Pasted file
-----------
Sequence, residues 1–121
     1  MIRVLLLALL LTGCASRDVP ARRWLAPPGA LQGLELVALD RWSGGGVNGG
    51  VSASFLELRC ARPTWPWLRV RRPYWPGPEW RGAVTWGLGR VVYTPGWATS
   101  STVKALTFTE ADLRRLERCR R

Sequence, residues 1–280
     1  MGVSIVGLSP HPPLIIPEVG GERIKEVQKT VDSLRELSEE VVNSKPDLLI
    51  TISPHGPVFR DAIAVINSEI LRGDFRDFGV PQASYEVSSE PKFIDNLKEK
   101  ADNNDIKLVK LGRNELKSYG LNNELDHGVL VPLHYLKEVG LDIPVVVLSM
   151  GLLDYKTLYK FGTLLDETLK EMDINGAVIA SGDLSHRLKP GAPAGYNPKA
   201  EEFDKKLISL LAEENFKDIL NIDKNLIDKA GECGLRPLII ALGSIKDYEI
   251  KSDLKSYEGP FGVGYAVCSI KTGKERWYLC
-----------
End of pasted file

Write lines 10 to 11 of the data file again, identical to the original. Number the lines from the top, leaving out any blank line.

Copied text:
   201  EEFDKKLISL LAEENFKDIL NIDKNLIDKA GECGLRPLII ALGSIKDYEI
   251  KSDLKSYEGP FGVGYAVCSI KTGKERWYLC